The US Navy has successfully dropped an F-35C fighter jet from one of its carriers in the South China Sea, just months after the Royal Navy did the same with an F-35B in the Mediterranean .
F-35C Lightning II in a high-G maneuver (not the offending craft).
The ASU Carl Vinson had what the US Navy described as a “landing accident” when one of its planes ended up at sea. Its pilot ejected and was picked up by helicopter; he is said to be in stable condition. Seven sailors were reportedly injured in the incident, three of whom were evacuated to Manila for treatment.
Images of the $100million fighter jet wallowing in the sea inevitably ended up on Twitter, echoing a similar situation earlier this month when photos of a British F-35B jump plane which is fell from the front of HMS queen elizabeth also ended up in the cold wet stuff.
This image is an apt metaphor for the entire F-35 program, which after 21 years of development and countless billions of dollars spent, is still “at sea” https://t.co/bXGja4auJb pic.twitter.com/JZcRKl4SyD
— Giovanni de Briganti (@JoedeBrig) January 27, 2022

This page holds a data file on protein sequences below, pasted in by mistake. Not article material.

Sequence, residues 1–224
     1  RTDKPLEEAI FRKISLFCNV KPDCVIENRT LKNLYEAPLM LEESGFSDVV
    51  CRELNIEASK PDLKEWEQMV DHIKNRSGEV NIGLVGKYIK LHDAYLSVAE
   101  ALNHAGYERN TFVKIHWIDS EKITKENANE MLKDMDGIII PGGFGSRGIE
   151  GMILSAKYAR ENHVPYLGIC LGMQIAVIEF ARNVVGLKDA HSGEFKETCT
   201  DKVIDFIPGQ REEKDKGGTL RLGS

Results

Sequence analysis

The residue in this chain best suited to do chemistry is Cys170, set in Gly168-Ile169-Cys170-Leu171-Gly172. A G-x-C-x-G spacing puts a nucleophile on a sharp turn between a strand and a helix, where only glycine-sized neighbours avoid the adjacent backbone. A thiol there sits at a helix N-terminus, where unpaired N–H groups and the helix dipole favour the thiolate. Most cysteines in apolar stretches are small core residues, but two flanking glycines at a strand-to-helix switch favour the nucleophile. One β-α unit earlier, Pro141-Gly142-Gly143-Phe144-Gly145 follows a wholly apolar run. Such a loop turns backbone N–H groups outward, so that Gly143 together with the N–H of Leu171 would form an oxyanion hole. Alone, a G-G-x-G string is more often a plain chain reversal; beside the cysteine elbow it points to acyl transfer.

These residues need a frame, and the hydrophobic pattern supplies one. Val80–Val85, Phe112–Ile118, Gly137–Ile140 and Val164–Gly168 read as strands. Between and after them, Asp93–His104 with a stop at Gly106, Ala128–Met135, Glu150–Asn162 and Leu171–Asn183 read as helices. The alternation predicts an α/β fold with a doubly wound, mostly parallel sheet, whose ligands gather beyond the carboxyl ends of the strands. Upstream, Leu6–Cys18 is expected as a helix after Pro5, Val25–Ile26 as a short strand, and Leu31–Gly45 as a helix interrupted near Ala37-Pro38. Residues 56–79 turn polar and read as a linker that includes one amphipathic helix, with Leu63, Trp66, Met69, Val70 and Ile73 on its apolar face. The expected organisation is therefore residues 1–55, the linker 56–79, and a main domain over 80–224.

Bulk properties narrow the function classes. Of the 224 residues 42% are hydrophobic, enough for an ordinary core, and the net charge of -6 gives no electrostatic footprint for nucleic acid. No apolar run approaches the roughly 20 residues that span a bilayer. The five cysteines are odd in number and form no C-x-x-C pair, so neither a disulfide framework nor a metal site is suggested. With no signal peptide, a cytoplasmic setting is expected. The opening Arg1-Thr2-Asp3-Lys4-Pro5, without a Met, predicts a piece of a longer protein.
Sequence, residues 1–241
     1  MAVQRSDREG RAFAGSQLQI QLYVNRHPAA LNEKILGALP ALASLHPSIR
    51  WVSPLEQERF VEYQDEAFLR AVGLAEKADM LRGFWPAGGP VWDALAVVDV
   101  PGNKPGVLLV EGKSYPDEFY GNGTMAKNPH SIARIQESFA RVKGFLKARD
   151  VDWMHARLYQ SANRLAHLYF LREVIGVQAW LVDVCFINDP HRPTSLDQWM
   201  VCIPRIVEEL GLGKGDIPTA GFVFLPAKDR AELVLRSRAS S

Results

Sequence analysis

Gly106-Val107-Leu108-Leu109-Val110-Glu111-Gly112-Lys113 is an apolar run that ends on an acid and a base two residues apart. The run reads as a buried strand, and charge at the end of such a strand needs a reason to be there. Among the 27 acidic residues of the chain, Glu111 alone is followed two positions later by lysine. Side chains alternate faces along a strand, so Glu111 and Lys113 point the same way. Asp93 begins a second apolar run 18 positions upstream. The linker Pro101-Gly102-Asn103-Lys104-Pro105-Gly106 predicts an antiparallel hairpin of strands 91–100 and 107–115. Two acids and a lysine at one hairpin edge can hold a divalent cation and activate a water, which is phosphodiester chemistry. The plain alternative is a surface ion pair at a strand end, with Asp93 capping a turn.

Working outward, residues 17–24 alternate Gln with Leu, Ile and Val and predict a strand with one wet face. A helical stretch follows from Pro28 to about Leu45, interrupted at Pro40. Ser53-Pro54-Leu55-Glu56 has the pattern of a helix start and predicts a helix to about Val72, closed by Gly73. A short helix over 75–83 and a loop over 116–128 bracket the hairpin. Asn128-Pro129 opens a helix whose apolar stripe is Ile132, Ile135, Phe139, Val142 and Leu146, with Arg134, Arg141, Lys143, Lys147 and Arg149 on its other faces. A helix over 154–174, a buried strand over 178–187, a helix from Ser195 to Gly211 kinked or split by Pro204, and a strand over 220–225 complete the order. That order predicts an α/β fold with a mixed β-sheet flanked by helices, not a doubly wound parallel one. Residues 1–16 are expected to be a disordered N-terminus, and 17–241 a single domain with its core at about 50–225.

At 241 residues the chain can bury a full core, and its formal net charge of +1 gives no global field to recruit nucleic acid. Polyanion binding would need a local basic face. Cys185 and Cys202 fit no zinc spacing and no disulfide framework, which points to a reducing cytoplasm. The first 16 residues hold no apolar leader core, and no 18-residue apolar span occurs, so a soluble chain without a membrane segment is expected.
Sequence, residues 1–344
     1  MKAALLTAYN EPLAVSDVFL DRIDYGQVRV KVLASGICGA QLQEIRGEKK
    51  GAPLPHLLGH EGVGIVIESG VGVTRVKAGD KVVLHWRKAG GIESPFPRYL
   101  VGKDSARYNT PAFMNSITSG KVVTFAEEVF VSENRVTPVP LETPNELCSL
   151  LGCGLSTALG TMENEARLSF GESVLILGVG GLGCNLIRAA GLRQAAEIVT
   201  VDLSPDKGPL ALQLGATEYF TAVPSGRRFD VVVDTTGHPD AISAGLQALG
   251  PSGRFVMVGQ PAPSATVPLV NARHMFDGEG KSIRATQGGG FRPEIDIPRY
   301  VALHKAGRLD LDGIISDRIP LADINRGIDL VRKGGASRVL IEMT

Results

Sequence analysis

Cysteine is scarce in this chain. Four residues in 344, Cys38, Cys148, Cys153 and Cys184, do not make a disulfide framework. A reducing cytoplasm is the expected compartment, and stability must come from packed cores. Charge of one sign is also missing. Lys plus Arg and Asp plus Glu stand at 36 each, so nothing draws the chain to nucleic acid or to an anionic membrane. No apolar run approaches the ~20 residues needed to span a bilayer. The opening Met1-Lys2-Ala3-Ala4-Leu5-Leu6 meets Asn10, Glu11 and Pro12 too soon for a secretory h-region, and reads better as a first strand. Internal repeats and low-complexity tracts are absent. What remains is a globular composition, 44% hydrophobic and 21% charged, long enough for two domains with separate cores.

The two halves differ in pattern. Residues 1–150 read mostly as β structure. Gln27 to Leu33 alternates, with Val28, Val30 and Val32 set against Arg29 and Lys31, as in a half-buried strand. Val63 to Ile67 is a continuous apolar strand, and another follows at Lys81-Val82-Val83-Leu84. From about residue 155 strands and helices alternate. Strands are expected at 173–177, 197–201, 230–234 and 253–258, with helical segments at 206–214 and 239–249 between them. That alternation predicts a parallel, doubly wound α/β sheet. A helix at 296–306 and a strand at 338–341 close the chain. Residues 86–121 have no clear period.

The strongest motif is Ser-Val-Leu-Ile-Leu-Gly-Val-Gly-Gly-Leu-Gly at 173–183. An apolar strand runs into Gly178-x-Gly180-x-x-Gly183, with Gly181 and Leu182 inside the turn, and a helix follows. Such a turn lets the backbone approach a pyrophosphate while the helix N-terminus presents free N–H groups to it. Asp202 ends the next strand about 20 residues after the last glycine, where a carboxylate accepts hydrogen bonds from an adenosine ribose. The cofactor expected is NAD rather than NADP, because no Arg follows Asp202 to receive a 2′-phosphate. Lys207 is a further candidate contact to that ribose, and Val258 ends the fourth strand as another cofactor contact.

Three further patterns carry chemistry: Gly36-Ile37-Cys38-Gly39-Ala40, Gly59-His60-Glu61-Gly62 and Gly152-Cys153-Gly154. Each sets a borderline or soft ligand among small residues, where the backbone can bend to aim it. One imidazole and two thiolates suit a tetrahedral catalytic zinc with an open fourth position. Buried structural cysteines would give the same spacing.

As previously reported, video of a British F-35B (the short takeoff and vertical landing version of the F-35 Lightning II) emerged when the plane suffered a crash on takeoff attributed to the deck crew failed to remove critical shutter cover. The aircraft failed to accelerate on takeoff and instead rolled over onto the bow of the 65,000 ton warship.
Similarly, the landing accident of the American plane, which occurred this week, could have deeper repercussions. CNN quoted a former US naval corps as saying China could claim salvage rights to the wreckage of the sunken plane, giving the Middle Kingdom direct access to all of its secrets.
Such a decision is dubious – the United States is no more likely to let China recover the wreckage of the F-35C than to elect Xi Jinping as President of the United States – but the fact that someone discussed highlights tensions over China’s territorial claims to the South China Sea, which are not widely supported. The international community widely sees them as an attempt at land grabbing.
Assigned to Carrier Air Wing (CVW) 2, the jet was on a routine training sortie when the pilot encountered difficulty. The register tried an F-35B simulator a few years ago (well, someone has to endure those tough missions to let the general public know what’s really going on) and landing the plane seemed to be exceptionally easy with levels high automation.
An automation failure would revert the pilot to basic stick and rudder skills, which could lead to an accident if unprepared for it. Aviation safety professionals refer to these unexpected scenarios as a “burst”. ®